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10 key lessons for local action on food poverty

We’ve launched a new report to share the key lessons from Food Power on how to empower local action to tackle food poverty and deliver effective, dignified responses. Cecily Spelling, Food Power Coordinator summarises the lessons in this blog.

Katie Chappell Food Power

Katie Chappell Food Power

For those that aren’t familiar, Food Power was a project run by Sustain and Church Action on Poverty between 2017 – 2021. It aimed to strengthen the ability of local communities to reduce food poverty through developing solutions in partnership and with the support of peers from across the UK. 

I started in my role as Food Power Coordinator in September 2020, 3 years and 3 months into the programme. By this point, food poverty alliances up and down the UKhad been working hard to tackle the root causes of food poverty and had been responding to the impact of the pandemic since the spring. Through this work, alliances, people with lived experience of food poverty and allies in the movement have learnt a lot of lessons about what makes successful local action on food poverty. 

We’ve summarised these lessons, along with national recommendations for government and funders, in our new report – Empowering local action on Food Poverty: Key lessons from Food Power. We’ve identified 10 key lessons which can you read in detail in the report, but to whet your appetite, here is a brief summary:

  1. Communities should develop food poverty alliances and action plans to ensure a sustainable response to household food insecurity.
  2. Local councils should get involved with and support the development of food poverty alliances and actions plans in their local areas.
  3. Experts by experience should be involved in work to reduce food poverty, enabled through appropriate compensation and creative methods that fairly represent their views and amplify their voices.
  4. Sustainable responses to food poverty should include efforts to maximise people’s household income and take a cash-first approach.
  5. Local alliances can play a role in ensuring children’s access to food 365 days a year. But local and national level change is also needed to remove barriers and prevent the burden falling on overstretched voluntary organisations.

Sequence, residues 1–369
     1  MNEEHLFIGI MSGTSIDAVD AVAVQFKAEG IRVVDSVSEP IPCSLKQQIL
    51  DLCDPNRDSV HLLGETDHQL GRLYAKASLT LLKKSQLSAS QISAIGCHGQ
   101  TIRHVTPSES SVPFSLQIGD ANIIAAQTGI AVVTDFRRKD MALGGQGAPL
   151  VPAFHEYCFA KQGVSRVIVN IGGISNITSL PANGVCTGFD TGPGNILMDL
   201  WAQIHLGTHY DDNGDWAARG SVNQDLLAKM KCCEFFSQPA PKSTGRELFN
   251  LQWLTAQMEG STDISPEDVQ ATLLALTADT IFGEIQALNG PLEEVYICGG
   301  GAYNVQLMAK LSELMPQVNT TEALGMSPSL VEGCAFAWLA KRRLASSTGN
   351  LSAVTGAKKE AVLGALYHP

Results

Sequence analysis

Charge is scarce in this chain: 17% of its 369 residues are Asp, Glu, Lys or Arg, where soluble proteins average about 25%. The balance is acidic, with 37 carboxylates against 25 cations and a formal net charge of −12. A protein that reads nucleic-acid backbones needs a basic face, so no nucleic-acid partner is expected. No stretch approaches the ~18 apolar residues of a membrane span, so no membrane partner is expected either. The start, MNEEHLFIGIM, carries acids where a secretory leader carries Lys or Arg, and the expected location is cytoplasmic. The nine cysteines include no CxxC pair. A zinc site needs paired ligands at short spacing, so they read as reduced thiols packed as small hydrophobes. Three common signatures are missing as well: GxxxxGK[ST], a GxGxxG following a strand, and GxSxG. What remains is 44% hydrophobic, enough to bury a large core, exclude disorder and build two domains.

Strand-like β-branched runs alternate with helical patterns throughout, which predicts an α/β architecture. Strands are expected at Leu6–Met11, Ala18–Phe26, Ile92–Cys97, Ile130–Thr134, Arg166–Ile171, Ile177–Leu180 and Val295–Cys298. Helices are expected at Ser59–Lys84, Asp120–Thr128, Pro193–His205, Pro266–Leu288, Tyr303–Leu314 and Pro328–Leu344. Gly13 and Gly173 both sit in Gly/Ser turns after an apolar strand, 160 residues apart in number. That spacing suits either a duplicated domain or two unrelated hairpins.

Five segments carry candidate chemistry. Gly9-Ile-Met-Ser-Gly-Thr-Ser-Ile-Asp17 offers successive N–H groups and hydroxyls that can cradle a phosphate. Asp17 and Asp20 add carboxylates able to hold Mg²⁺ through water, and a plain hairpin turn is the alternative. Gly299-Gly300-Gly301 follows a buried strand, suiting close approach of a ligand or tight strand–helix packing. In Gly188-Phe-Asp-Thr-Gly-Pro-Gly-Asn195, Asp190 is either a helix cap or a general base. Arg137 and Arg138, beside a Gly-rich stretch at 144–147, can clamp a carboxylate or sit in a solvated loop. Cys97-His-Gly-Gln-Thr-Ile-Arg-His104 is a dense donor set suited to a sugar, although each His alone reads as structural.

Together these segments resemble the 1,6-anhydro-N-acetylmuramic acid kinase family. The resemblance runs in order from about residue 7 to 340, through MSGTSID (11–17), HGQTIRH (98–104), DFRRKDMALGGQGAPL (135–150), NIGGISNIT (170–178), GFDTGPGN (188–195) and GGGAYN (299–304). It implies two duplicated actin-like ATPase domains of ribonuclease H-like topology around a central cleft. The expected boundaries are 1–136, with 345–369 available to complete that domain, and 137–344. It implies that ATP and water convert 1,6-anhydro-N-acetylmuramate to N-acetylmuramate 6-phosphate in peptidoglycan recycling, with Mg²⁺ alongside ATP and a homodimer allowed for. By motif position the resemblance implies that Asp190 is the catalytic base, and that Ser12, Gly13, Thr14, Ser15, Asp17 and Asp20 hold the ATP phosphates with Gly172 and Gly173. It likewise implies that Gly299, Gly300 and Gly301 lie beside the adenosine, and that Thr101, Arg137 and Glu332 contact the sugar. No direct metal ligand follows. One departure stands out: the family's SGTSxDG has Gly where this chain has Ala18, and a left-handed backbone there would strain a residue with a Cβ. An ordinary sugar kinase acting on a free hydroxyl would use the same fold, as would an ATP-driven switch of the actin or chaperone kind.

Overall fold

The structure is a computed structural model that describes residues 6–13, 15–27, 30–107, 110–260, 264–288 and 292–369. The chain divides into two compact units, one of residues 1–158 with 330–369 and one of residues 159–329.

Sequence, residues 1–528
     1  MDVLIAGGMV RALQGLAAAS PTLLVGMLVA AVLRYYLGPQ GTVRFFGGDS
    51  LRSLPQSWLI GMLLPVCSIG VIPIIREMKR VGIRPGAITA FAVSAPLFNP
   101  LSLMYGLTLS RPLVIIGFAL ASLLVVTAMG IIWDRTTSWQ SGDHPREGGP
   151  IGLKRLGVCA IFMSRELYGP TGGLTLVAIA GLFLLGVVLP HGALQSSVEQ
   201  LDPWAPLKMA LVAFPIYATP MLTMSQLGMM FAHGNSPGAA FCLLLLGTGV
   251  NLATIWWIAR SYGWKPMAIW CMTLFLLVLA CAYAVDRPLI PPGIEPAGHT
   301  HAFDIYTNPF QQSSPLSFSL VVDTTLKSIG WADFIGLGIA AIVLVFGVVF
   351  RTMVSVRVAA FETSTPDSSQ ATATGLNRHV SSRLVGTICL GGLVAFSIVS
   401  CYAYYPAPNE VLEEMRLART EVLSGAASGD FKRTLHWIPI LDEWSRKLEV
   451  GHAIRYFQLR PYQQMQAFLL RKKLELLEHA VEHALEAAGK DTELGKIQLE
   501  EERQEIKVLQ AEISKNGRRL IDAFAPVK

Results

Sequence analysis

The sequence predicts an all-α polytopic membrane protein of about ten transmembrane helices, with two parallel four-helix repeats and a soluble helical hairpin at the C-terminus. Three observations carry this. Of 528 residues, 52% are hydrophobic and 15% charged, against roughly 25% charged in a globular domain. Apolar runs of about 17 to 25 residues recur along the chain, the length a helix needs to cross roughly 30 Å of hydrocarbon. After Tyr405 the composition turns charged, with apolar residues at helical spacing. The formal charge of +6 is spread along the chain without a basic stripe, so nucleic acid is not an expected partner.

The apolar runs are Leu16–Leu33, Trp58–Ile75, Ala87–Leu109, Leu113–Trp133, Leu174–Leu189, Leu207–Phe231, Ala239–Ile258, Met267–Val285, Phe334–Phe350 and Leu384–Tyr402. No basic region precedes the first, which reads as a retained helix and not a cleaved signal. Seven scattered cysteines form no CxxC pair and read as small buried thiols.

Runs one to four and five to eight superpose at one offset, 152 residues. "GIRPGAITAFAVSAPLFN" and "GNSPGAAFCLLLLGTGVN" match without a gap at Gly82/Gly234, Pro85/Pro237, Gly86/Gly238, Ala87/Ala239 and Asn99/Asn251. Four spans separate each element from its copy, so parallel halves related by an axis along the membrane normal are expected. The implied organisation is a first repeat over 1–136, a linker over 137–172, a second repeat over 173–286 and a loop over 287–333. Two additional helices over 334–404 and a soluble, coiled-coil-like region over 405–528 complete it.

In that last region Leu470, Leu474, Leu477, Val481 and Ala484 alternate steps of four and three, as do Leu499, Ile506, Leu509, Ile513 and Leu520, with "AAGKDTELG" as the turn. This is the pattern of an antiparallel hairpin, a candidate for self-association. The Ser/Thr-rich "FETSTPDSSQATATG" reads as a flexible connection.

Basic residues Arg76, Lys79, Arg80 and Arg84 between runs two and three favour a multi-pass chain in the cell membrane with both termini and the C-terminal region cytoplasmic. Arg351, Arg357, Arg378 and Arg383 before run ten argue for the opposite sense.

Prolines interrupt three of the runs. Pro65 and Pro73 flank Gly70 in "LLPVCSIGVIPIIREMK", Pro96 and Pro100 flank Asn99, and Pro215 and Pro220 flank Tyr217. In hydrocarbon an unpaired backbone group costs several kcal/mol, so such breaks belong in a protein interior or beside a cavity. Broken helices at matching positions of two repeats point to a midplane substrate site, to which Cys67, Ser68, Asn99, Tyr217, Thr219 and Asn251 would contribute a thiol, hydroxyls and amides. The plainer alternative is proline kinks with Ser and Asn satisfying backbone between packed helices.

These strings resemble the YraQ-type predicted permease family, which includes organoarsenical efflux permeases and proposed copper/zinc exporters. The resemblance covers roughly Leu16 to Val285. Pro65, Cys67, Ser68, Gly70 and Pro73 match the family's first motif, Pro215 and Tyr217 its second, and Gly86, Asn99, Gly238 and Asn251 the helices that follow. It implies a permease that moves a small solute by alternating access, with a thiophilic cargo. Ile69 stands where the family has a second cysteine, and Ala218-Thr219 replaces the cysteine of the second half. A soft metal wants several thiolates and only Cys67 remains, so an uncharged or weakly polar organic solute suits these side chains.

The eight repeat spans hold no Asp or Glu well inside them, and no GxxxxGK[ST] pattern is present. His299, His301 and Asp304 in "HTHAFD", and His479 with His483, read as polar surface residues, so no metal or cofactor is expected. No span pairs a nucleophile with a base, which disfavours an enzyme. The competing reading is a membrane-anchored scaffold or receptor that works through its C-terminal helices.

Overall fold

6. Community food retail initiatives should be developed to support local producers and retailers where possible and avoid further entrenching the current flawed food system.
  7. We should consider the language being used to ensure it fairly reflects and seeks to address the injustices within the system and the voices of experts by experiences.
  8. Efforts to reduce food poverty locally should build towards local food resilience.
  9. Efforts to tackle the root causes of food poverty should be evaluated collectively to effectively measure impact, galvanise collaboration, and understand areas for improvement.
  10. Alliances and local actors should collaborate with diverse organisations to ensure everyone in the community is able to access the good food they need.

Local action plays an important role in tackling food poverty but there are a whole host of structural barriers in place that are hampering progress. So, in addition to local lessons, we identified national recommendations for government and funders that we believe would lead to the real change we need to ensure everyone is able to access healthy, affordable, sustainable food. These are:

  • National governments should ensure everyone has an adequate income to afford food and other living costs, through living wages calculated in relation to the cost of living and an adequate social security safety net.
  • National government should provide policy and funding to support local areas to tackle food poverty.
  • Funders, including governments, should ensure local responses to food poverty work towards long-term strategic responses, rather than only addressing immediate or emergency needs.
  • Governments should measure the collective impact of their policies across departments and work streams.
  • Governments and councils should support a right to food to eliminate the disproportionate impact of food poverty on, for example, minority ethnic communities, disabled people and older people.
  • Action to tackle food poverty should not be siloed but integrated within wider action to improve the food system as a whole.

Through following these lessons, food poverty alliances and people with lived experience have, and will continue to, play a vital role in ensuring we work towards food justice for all. They must be supported to deliver this work though, by local authorities, national governments and others in their community, because they cannot and should not do it alone.

Download the full report and find more resources, including guidance for local authorities, case studies and webinars on the Food Power website.

Published Wednesday 13 October 2021

Food Power: Food Power is an exciting new programme working with local communities across the UK to strengthen their ability to reduce food poverty.

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Cecily worked at Sustain for two years from September 2020 as the Communications and Network Coordinator for Food Power, the Food Roots Incubator and the Food Learning Forum.

Cecily Spelling
Communications and Events Coordinator
Food Power

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